FCC Provides Guidance on Proper Use of Interoperability, Mutual-Aid Channels
Thursday, February 22, 2018 | Comments

The FCC provided guidance on proper use of the FCC-designated interoperability and mutual aid channels. A letter to Wynn Brannin, statewide emergency coordinator and statewide interoperability coordinator (SWIC) in New Mexico, confirmed that the interoperability and mutual-aid channels are primarily for interoperable emergency communications between different public-safety licensees.

The letter, in response to a letter from Brannin to the FCC a year ago seeking guidance, said day-to-day communications are permitted only on a secondary basis on the VHF and UHF interoperability channels and are prohibited on the 800 MHz interoperability channels.

In Brannin’s letter, he said a licensee in his region is using an interoperability channel as the primary repeater output for its EMS and said such operations make the interoperability channels “unusable for interoperability purposes during emergency and disaster situations” within a large geographic area of his region.

The FCC’s rules state that noninteroperability communications on interoperability channels in the VHF and UHF bands are secondary. Specifically, Section 90.20(d)(80) states that after Dec. 7, 2000, the interoperability channels in the VHF and UHF bands are primarily for public-safety interoperability only communications. Section 90.20(d)(80) also states that after Jan. 1, 2015, all noninteroperability communications on the VHF and UHF interoperability channels will be secondary to co-channel interoperability operations.

Communications authorized on a secondary basis are, by definition, not to cause interference to communications authorized on a primary basis. Thus, any internal day-to-day communication on the VHF and UHF interoperability channels that prevents these channels from being used for their intended purpose — interoperability communications — would exceed the secondary status designation of such communications and be a violation of FCC rules, the letter said.

When it designated mutual-aid channels in the 800 MHz band, the commission said that these channels are reserved “for the express purpose of intercommunication in non-routine, critical situations” and are intended to “provide public-safety agencies with the means to coordinate their responses more effectively.” The FCC emphasized that these channels “are not intended for routine, administrative, intra-agency communications but are to be reserved for coordination of multiple public-safety entities.”

Brannin also asked about allowed power and antenna height limits for licensees authorized to operate on interoperability frequencies. The power and antenna height limits for all licensees operating in the VHF and UHF bands are listed in Section 90.205 of FCC rules, and the power and antenna height limits for licensees operating in the 800 MHz band are listed in Section 90.635 of the FCC’s rules.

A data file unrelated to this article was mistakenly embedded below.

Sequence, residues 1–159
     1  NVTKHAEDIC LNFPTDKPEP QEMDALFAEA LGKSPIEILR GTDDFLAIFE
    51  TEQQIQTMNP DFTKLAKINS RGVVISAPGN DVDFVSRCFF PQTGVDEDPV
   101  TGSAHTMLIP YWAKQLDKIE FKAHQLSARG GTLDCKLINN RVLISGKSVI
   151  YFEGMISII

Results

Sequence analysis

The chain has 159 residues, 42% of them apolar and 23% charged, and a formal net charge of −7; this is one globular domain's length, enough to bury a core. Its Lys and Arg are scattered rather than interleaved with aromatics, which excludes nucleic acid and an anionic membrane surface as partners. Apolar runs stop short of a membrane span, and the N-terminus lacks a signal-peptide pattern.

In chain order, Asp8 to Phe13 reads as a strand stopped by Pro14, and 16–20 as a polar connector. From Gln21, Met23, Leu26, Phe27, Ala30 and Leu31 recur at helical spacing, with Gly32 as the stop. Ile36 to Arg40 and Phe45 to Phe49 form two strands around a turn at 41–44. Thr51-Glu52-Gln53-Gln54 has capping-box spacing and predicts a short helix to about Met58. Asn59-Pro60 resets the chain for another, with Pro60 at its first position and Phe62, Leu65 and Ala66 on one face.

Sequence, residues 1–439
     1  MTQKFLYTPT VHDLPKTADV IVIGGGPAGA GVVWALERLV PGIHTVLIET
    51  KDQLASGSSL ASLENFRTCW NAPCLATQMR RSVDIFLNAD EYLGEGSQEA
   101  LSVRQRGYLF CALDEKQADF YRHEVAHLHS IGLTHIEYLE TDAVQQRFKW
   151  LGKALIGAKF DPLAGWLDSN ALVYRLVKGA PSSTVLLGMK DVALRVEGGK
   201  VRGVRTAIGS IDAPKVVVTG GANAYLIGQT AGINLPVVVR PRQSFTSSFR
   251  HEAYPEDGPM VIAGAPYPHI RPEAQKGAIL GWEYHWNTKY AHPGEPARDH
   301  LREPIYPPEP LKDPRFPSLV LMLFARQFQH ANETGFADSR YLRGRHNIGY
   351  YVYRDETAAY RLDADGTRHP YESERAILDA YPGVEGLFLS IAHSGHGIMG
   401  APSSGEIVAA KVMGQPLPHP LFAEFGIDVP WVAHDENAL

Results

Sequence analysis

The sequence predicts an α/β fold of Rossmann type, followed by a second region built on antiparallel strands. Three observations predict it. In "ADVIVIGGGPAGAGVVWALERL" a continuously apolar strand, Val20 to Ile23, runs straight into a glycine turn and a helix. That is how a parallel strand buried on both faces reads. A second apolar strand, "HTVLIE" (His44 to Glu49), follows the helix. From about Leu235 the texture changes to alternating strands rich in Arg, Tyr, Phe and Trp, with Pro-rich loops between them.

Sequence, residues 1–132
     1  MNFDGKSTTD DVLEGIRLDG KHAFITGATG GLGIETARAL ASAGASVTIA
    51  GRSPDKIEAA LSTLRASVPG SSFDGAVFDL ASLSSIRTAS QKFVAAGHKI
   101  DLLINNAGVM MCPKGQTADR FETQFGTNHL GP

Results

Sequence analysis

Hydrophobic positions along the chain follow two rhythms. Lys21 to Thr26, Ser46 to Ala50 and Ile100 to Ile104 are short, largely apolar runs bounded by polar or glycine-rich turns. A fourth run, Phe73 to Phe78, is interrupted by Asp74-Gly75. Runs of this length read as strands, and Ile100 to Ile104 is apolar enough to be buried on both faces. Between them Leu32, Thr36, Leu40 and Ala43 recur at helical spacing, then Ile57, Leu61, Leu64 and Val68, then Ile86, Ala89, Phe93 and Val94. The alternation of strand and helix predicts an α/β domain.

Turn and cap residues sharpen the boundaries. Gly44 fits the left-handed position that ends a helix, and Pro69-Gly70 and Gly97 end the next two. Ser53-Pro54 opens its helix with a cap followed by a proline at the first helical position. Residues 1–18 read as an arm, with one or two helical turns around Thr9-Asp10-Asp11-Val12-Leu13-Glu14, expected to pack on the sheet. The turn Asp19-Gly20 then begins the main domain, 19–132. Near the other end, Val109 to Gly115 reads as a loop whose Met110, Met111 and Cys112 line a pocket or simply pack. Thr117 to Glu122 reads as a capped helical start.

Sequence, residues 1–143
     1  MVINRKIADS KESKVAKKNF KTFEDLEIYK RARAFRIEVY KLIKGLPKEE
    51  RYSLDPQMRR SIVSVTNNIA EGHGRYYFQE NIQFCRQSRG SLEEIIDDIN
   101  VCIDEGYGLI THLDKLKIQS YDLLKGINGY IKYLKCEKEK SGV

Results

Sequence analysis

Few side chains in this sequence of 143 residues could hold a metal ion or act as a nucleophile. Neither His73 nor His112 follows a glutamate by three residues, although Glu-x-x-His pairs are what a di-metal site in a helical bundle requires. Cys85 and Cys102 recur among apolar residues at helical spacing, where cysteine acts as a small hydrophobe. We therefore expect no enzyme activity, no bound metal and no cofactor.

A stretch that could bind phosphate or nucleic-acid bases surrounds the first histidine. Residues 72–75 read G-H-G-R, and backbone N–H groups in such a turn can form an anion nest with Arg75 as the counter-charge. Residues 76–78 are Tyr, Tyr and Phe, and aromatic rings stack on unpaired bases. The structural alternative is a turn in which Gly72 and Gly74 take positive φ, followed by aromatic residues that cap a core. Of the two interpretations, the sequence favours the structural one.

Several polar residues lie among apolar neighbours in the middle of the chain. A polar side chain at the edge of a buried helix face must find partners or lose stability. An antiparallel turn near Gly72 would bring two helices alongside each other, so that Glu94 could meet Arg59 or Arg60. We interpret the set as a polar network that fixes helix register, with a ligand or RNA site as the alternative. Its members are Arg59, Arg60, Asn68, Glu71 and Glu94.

Base stations and control stations must be licensed individually if they operate on the interoperability or mutual-aid channels, but any public-safety-eligible entity holding a Part 90 license can operate mobile and portable units on the interoperability and mutual-aid channels without needing a separate authorization.

The letter, from Michael J. Wilhelm, chief of Policy and Licensing Division of the FCC’s Public Safety and Homeland Security Bureau, said if licensees believe another licensee is violating commission rules, they should report it to the Enforcement Bureau at 888-225-5322. In the event of a rule violation, the commission may impose restrictions on a licensee’s use of a channel.

The letter said to contact the Operations and Emergency Management (OEM) Division at 202- 418-1122 or FCCOPS@fcc.gov, a 24/7 operations center, if interference from a secondary station is causing an immediate life safety issue.

The full letter is here.

Separately, the FCC sent a letter to the Franklin Square & Munson Fire District in New York, noting the district is using frequency 453.4625 MHz on authorization WPKX623 for internal, routine, day-to-day operations. The license was issued in October 2000 and since then, the FCC imposed new limitations on 453.4625 MHz. Specifically, after Dec. 7, 2000, this frequency is available primarily for public-safety interoperability only communications.

Stations licensed prior to Dec. 7, 2000, could continue to use the frequency on a co-primary basis until Jan. 1, 2005. After Jan. 1, 2005, all operations became secondary to co-channel interoperability communications. Analog FM emission must be used exclusively for operation on the VHF and UHF interoperability channels.

“Therefore, since frequency 453.4625 MHz is secondary to co-channel interoperability communications, Franklin Square and Munson Fire District must discontinue operation on this frequency if the channel is needed for interoperability,” the FCC’s letter said. “We recognize that such discontinuation may hinder day-to-day operations on this channel to such an extent that Franklin Square and Munson Fire District may need to consider moving to another channel.”

The Franklin Square letter is here.

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